P497 A meta-synthesis of men who have sex with men (MSM)’s experiences and perceptions of Human Papillomavirus (HPV) Vaccination
Clarke, Lewis; Pow, Janette; Mchale, Sheona; Williams, Brian
Dr Janette Pow firstname.lastname@example.org
Dr Sheona Mchale S.Mchale@napier.ac.uk
Background: Men who have Sex with Men (MSM) are disproportionately burdened by diseases attributed to the Human Papillomavirus (HPV) when compared to other male populations. High uptake of this vaccine is crucial for anal cancer and genital wart pevention. Although female-oriented vaccination programmes indirectly extend HPV vaccination to heterosexual males through herd immunity, these confer little to no benefit for MSM. Previous (predominantly quantitative) studies exploring HPV-MSM perceptions have reported MSM’s a lack of awareness/understanding of HPV and its relation their health, not being offered the vaccine by a healthcare professional, and varied perceptions of vaccination may affect uptake. The complex nature of HPV vaccination decision-making is not reflected in these studies. We aimed to conduct a qualitative systematic review of studies exploring MSM experience, perceptions, and attitudes toward HPV infection and vaccination.
Methods: Last updated in January 2019, 6 databases were searched for studies using qualitative methods and reporting experiences/perceptions of MSM regarding HPV infection and vaccination. MSM quotes and author’s interpretations of data were extracted from primary studies. Thematic synthesis was used to develop analytical themes.
Results: 9 papers (reporting 8 studies) were included. The thematic synthesis identified two analytical themes: (1) Vaccination content and delivery and (2) Addressing patient-level stigma. Theme 1 explores the varied experiences of how (and to what extent) healthcare provider’s recommendation of the vaccine plays a role in the decision-making process. Theme 2 explores the influence and subsequent implications of MSM’s perceptions and experiences of stigma and how these relate to vaccine initation in broader health systems.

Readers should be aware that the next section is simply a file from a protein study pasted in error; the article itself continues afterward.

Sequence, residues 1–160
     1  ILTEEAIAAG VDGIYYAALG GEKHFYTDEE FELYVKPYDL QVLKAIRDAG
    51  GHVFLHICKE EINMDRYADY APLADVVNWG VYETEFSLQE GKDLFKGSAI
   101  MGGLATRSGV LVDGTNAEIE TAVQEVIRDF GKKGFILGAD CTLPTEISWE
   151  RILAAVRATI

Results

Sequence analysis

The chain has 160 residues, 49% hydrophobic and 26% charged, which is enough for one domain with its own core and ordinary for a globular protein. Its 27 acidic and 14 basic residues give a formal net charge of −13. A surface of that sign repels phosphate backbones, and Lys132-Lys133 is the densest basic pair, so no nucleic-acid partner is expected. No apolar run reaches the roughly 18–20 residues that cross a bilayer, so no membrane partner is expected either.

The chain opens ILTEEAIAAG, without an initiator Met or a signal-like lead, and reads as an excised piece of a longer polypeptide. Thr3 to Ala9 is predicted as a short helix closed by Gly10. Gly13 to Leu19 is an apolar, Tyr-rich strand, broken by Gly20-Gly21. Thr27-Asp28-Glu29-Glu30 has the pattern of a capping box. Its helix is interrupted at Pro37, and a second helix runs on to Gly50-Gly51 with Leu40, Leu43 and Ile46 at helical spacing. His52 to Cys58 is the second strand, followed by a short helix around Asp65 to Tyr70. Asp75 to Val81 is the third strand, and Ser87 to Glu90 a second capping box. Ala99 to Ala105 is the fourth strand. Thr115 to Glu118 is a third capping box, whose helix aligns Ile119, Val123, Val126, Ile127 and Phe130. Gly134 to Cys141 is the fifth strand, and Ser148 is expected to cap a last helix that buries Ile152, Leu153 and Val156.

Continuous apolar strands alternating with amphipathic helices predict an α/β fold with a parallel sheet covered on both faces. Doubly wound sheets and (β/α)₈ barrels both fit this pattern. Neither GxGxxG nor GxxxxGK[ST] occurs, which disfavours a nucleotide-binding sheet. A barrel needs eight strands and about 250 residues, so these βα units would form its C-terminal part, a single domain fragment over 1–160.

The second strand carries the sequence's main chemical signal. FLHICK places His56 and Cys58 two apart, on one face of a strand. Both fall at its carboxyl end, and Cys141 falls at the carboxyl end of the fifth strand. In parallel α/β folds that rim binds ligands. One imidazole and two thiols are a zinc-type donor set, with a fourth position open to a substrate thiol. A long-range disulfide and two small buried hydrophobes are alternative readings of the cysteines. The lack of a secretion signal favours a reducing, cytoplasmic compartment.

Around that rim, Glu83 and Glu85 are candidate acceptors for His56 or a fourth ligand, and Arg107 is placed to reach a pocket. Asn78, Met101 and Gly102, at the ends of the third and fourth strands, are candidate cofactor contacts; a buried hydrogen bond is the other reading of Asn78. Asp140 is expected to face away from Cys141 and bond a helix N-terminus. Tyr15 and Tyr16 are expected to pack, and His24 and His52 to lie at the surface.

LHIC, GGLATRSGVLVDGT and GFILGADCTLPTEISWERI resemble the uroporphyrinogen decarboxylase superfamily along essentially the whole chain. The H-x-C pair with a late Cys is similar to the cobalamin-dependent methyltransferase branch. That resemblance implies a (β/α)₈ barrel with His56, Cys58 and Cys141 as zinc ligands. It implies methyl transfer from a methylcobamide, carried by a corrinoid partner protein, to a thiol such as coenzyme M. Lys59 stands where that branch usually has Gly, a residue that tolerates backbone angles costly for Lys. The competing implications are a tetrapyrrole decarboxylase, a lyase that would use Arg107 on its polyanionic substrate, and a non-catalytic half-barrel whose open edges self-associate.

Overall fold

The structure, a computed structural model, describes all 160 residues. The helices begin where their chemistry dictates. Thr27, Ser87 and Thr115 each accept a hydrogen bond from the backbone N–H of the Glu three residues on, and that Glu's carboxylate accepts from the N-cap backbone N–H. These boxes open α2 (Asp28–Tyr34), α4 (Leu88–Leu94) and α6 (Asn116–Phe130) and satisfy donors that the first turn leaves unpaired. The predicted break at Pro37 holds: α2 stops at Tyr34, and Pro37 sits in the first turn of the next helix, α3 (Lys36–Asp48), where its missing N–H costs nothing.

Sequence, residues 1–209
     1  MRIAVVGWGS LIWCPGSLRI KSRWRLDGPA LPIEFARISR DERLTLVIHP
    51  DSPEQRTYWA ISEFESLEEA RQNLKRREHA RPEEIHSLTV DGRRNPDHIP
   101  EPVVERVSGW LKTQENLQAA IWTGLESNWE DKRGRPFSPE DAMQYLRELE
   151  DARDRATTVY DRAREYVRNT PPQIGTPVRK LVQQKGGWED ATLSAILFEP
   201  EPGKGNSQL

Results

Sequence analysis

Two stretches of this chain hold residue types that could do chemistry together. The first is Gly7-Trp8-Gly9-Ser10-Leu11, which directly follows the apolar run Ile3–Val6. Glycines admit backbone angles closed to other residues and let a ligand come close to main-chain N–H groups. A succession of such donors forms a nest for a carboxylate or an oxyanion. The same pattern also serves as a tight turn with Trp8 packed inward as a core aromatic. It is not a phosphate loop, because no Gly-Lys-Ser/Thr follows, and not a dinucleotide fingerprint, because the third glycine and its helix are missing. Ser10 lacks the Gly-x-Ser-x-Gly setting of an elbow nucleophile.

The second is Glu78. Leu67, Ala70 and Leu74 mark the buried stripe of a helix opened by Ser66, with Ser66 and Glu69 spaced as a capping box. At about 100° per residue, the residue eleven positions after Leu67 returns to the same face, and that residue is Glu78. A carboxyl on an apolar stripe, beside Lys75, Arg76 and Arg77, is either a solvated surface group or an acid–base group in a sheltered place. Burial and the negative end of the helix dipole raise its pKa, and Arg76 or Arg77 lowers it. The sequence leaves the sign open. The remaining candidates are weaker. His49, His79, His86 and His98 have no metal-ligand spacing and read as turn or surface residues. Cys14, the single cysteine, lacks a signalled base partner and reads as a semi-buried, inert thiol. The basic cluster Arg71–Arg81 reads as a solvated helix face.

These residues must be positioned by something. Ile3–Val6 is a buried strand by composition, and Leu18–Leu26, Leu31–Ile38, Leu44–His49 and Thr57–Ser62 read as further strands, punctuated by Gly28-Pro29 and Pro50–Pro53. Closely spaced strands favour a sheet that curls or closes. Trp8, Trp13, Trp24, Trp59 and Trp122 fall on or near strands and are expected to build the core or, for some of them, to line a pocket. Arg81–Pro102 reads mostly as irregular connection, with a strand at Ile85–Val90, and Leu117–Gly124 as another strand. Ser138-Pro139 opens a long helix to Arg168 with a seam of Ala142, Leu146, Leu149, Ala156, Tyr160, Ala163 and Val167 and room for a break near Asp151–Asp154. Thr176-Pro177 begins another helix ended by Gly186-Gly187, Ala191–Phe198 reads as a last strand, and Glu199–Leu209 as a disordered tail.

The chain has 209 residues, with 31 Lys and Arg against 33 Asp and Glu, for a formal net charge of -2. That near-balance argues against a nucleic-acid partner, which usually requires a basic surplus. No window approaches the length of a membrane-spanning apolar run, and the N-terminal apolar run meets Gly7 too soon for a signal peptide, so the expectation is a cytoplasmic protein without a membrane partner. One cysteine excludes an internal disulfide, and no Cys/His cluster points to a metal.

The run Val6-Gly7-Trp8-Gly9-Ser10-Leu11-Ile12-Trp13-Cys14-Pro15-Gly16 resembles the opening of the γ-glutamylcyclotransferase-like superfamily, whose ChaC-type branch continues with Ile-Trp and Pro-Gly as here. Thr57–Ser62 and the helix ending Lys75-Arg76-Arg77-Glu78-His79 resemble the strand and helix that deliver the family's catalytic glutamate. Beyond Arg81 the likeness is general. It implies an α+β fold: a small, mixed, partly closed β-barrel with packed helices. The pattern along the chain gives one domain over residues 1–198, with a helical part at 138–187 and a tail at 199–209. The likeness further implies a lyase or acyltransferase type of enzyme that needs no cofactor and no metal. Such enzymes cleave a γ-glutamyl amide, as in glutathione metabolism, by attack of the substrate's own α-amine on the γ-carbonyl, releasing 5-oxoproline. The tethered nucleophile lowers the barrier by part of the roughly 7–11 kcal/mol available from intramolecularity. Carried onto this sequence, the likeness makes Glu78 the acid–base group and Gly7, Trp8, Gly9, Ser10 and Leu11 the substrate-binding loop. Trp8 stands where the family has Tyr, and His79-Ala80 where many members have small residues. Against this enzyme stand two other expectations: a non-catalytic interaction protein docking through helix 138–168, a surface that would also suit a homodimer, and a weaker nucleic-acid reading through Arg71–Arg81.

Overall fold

Conclusion: MSM vaccination across many developed countries continues to be a new phenomenon. By understanding more about the unique mechanisms which underpin MSM’s vaccination behaviour, in collaboration with an understanding of the particular health systems which vaccination is implemented in, we can better design and co-produce intervientions to inform and enhance uptake.
Clarke, L., Pow, J., Mchale, S., & Williams, B. (2019, July). P497 A meta-synthesis of men who have sex with men (MSM)’s experiences and perceptions of Human Papillomavirus (HPV) Vaccination. Poster presented at STI & HIV World Congress (Joint Meeting of the 23rd ISSTDR and 20th IUSTI), Vancouver, Canada
|Presentation Conference Type||Poster|
|Conference Name||STI & HIV World Congress (Joint Meeting of the 23rd ISSTDR and 20th IUSTI)|
|Conference Location||Vancouver, Canada|
|Start Date||Jul 14, 2019|
|End Date||Jul 17, 2019|
|Online Publication Date||Jul 14, 2019|
|Deposit Date||Feb 10, 2022|